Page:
There are two types of nucleic acids which are polymers found in all living cells. Deoxyribonucleic Acid (DNA) is found mainly in the nucleus of the cell, while Ribonucleic Acid (RNA) is found mainly in the cytoplasm of the cell although it is usually synthesized in the nucleus. DNA contains the genetic codes to make RNA and the RNA in turn then contains the codes for the primary sequence of amino acids to make proteins.

Nucleic Acid Parts List:

The best way to understand the structures of DNA and RNA is to identify and examine individual parts of the structures first. The complete hydrolysis of nucleic acids yields three major classes of compounds: pentose sugars, phosphates, and heterocyclic amines (or bases).

Phosphate: A major requirement of all living things is a suitable source of phosphorus. One of the major uses for phosphorus is as the phosphate ion which is incorporated into DNA and RNA.

Pentose Sugars:

There are two types of pentose sugars found in nucleic acids. This difference is reflected in their names--deoxyribonucleic acid indicates the presence of deoxyribose; while ribonucleic acid indicates the presence of ribose.

In the graphic on the left, the structures of both ribose and deoxyribose are shown. Note the red -OH on one and the red -H on the other are the only differences. The alpha and beta designations are interchangeable and are not a significant difference between the two.

Heterocyclic Amines:

Heterocyclic amines are sometimes called nitrogen bases or simply bases. The heterocyclic amines are derived from two root structures: purines or pyrimidines. The purine root has both a six and a five member ring; the pyrimidine has a single six member ring.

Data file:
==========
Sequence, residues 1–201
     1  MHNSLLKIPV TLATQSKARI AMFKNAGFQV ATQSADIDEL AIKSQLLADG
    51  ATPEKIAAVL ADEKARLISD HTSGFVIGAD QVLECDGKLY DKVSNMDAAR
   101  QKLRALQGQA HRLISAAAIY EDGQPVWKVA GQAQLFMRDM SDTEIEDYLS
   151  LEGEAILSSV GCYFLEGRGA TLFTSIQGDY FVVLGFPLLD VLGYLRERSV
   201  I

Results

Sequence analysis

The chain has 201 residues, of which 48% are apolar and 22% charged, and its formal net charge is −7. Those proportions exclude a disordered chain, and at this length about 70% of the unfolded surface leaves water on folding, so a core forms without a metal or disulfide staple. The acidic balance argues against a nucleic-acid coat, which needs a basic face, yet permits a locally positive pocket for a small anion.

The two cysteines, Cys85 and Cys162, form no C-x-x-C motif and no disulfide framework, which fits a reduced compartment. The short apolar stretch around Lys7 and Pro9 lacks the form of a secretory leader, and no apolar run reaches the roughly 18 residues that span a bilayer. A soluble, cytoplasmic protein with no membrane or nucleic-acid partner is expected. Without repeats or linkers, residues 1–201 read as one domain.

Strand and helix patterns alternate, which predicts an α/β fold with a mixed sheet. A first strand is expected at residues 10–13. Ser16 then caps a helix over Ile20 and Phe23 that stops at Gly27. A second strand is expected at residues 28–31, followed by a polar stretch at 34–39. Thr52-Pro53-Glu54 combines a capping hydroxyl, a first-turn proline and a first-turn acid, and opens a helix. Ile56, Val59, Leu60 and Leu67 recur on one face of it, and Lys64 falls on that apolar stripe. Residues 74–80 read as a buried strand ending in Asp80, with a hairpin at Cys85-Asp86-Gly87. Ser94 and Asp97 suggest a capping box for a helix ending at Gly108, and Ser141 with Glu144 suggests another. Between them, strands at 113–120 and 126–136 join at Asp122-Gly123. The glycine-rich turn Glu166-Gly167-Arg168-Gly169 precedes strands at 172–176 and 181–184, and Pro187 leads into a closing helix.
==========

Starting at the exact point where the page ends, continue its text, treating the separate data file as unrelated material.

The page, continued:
There are two major purines, adenine (A) and guanine (G), and three major pyrimidines, cytosine (C), uracil (U), and thymine (T). The structures are shown in the graphic on the left. As you can see, these structures are called "bases" because the amine groups as part of the ring or as a side chain have a basic property in water.

A major difference between DNA and RNA is that DNA contains thymine, but not uracil, while RNA contains uracil but not thymine. The other three heterocyclic amines, adenine, guanine, and cytosine are found in both DNA and RNA. For convenience, you may remember, the list of heterocyclic amines in DNA by the words: The Amazing Gene Code (TAGC).


What's the difference between DNA and RNA?

Both DNA and RNA are composed of repeating units of nucleotides. Each
nucleotide consists of a sugar, a phosphate and a nucleic acid base.
The sugar in DNA is deoxyribose. The sugar in RNA is ribose, the same
as deoxyribose but with one more OH (oxygen-hydrogen atom combination
called a hydroxyl). This is the biggest difference between DNA and RNA.
Another difference is that RNA molecules can have a much greater variety
of nucleic acid bases. DNA has mostly just 4 different bases with a few
extra occasionally. The difference in these bases (between DNA and RNA)
allows RNA molecules to assume a wide variety of shapes and also many
different functions. DNA, on the other hand, serves as a set of directions
and that's about all (but that's absolutely necessary!). ---DrPam